If you love serverless and AWS Lambda, you probably also hate cold starts. This is a step-by-step guide to implementing a winning strategy to keep your AWS Lambda functions warmed up, mitigating cold start latency issues.

Anatomy of cold starts

We know our Lambda functions run inside micro-containers. When a new invocation comes in, AWS will spin up a new container, load our code and dependencies in memory, only to then serve the incoming request. After it's done, this container will be kept alive for some time (from 5 minutes to a couple of hours). If a new invocation is received in the meanwhile, AWS won’t have to spin up a new container.

The first invocation in the story above was a "cold start". The second was in "warm state". The problem with a cold start is that it adds latency and inconsistency, which can be detrimental to the user experience.

X-Lambda power to the rescue

Ice cubes on fire

We recently launched an open source project called X-Lambda. Here’s what it does in a nutshell:

  1. Tracks of your Lambdas' invocation history;
  2. Use statistics to predict short-term container demand for your functions;
  3. Invoke Lambdas concurrently, on a scheduled basis, to keep just the right number of containers warmed up;

Below is a step by step guide to implement it in your AWS account. Before we dive in, go ahead and download or clone the project from our public repo.

Beware that the project is still in alpha, so we don’t recommend to rely on it for mission-critical, production applications.

1. Which functions to keep warm

Fire

In the xlambda-config.yml file, under lambda_functions , list the functions you want to keep warm.

X-Lambda relies on the ConcurrentRequests measure from the CloudWatch API endpoint GetMetricsData. This metric is only available for functions with a reserved concurrency setting, so the functions you list here will need to have this setting in place.

Also keep in mind that, in order to keep your functions warm, X-Lambda will need to invoke them from time to time (every 15 minutes by default), which will naturally cost money. We recommend to focus on the Lambdas you really need to keep warmed up, otherwise, it’s a waste of resources.

2. Customize scaling options

In the same xlambda-config.yml file, customize the scaling options.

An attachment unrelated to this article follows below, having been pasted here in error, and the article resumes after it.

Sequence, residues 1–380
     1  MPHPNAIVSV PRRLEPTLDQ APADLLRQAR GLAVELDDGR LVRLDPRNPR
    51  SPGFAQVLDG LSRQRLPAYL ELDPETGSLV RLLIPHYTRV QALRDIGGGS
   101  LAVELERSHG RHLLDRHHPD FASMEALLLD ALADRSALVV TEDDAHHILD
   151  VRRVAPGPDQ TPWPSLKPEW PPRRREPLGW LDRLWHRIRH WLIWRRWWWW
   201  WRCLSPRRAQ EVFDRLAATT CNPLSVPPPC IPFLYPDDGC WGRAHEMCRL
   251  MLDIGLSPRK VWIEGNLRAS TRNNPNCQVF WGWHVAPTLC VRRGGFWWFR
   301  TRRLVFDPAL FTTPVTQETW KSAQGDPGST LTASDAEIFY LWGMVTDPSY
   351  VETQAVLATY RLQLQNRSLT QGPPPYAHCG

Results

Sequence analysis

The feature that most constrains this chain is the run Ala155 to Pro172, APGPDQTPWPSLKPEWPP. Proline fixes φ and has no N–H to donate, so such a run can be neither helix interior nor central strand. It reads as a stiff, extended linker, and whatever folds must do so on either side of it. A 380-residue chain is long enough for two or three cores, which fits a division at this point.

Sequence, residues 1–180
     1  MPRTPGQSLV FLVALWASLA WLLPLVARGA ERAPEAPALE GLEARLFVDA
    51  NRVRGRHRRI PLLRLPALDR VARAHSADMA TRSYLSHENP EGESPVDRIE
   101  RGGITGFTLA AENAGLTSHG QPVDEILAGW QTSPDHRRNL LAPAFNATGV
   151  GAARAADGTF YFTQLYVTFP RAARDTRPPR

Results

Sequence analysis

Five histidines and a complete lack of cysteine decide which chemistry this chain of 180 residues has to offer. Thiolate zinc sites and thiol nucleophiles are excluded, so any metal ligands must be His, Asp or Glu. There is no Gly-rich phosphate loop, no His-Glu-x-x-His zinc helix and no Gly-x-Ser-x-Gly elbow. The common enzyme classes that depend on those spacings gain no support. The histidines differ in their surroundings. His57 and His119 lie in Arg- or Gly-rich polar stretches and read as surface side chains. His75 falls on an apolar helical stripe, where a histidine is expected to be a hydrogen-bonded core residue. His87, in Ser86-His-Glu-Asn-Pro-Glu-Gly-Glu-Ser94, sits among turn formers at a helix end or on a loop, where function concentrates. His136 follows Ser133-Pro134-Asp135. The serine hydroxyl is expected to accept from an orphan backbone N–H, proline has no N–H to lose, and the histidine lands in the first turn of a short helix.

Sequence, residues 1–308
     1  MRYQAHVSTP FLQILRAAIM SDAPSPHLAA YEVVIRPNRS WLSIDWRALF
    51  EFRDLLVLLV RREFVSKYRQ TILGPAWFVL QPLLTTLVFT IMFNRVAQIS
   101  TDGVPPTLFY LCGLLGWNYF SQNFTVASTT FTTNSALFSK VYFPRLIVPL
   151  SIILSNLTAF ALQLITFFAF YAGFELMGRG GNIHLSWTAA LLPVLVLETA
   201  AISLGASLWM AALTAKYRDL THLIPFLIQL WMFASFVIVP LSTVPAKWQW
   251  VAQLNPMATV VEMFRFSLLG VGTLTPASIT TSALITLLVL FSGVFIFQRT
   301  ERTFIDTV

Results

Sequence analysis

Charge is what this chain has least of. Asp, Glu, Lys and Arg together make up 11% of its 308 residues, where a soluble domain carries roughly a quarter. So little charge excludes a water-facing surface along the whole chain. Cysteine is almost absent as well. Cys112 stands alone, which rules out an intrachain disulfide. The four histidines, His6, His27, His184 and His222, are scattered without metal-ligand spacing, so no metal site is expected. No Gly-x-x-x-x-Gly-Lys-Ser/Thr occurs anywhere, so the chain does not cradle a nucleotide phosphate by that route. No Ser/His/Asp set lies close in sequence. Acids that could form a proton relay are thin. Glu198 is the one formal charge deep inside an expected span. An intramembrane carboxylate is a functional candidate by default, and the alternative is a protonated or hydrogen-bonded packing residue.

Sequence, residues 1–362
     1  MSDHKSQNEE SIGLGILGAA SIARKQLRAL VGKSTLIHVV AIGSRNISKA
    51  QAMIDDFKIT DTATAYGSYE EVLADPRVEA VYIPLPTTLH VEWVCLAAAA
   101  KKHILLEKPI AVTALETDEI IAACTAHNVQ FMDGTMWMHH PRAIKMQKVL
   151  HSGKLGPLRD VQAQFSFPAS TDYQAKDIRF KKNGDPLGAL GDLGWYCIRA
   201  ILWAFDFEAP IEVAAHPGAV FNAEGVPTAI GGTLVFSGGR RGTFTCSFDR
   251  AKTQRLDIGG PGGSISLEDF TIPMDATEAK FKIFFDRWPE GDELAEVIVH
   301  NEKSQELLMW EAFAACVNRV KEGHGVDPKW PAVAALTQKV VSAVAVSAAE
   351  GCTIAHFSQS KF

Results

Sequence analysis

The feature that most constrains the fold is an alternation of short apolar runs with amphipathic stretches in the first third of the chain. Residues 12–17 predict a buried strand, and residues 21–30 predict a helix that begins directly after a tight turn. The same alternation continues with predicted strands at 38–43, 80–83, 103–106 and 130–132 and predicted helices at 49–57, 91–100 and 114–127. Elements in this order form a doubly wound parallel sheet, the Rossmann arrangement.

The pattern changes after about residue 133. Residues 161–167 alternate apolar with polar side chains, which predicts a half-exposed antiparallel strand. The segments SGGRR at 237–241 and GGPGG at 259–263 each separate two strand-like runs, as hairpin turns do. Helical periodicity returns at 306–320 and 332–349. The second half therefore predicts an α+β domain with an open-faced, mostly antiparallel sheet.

Under scaling , you’ll find three parameters. They will be applied globally to all your functions:

min_containers : minimum number of containers to keep warm at every round;

max_containers : same as above, but a maximum threshold;

max_concurrency : limit the number of concurrent requests X-Lambda will send to your Lambdas, allowing you to control how much of your concurrency quota is consumed;

In the functions list, you can also set these parameters for each function, customizing the X-Lambda behavior on a per-function basis.

3. Minor adjustments to our function’s code to handle warming requests

X-Lambda will invoke your functions on a scheduled basis to keep them warm. It will send this JSON payload:

{
    "xlambda": {
        "action": "warm_up",
        "settings": {
            "startup_time": 1234 # Milliseconds
        }
    }
}

We recommend setting a conditional check early in your Lambda handler to skip the execution of your code when X-Lambda is calling it.

You also need to make sure your function sleeps for the time set in the startup_time parameter (values come in milliseconds) before terminating the execution. This is important to make sure warmed up containers are not going to be reused during the warming process.

4. Make sure everything is running as expected

AWS Lambda is a beast in itself. Its massive scalability and idiosyncrasies (timeout and memory limits, for instance, can cause trouble) coupled with a pile of things that can go wrong in any application makes it hard to monitor and maintain the health of any serverless application.

In order to do that, first create a free account on Dashbird (requires no credit card). Then, integrate Dashbird with your AWS account.

And voilá, Dashbird will automatically start monitoring your AWS Lambda functions. I strongly advise to setup alerting channels (email and/or Slack channel) alerts, so that you get notified when things go south.

Wrapping up

X-Lambda is in its early days and has room for lots of improvements. We are open to suggestions and contributions. You are welcome to interact with us on the project issues page. If you’d like to keep an eye on the project evolution, subscribe to our newsletter (bottom of the page).

This post is also available on DEV.